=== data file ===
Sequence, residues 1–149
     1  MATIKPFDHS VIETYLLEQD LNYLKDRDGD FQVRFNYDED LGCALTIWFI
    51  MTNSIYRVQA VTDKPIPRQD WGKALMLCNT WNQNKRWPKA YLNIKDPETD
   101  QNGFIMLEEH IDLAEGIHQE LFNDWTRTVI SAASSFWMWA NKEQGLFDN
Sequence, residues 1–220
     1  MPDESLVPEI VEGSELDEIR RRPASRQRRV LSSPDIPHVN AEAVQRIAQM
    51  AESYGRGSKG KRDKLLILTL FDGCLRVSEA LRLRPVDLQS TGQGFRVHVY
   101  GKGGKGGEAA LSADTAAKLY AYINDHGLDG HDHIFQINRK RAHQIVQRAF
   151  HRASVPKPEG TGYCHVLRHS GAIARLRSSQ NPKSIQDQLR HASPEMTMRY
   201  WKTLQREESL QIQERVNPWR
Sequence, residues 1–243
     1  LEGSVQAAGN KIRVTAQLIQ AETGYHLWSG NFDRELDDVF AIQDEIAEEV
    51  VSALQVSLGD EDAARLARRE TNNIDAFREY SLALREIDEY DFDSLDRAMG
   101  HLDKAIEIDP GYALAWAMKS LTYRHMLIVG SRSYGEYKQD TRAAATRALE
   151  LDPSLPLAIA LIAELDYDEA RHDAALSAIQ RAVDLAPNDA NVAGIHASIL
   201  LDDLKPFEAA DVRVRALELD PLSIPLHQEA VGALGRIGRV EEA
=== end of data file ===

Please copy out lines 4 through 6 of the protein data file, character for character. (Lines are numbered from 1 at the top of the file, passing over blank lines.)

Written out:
   101  QNGFIMLEEH IDLAEGIHQE LFNDWTRTVI SAASSFWMWA NKEQGLFDN
Sequence, residues 1–220
     1  MPDESLVPEI VEGSELDEIR RRPASRQRRV LSSPDIPHVN AEAVQRIAQM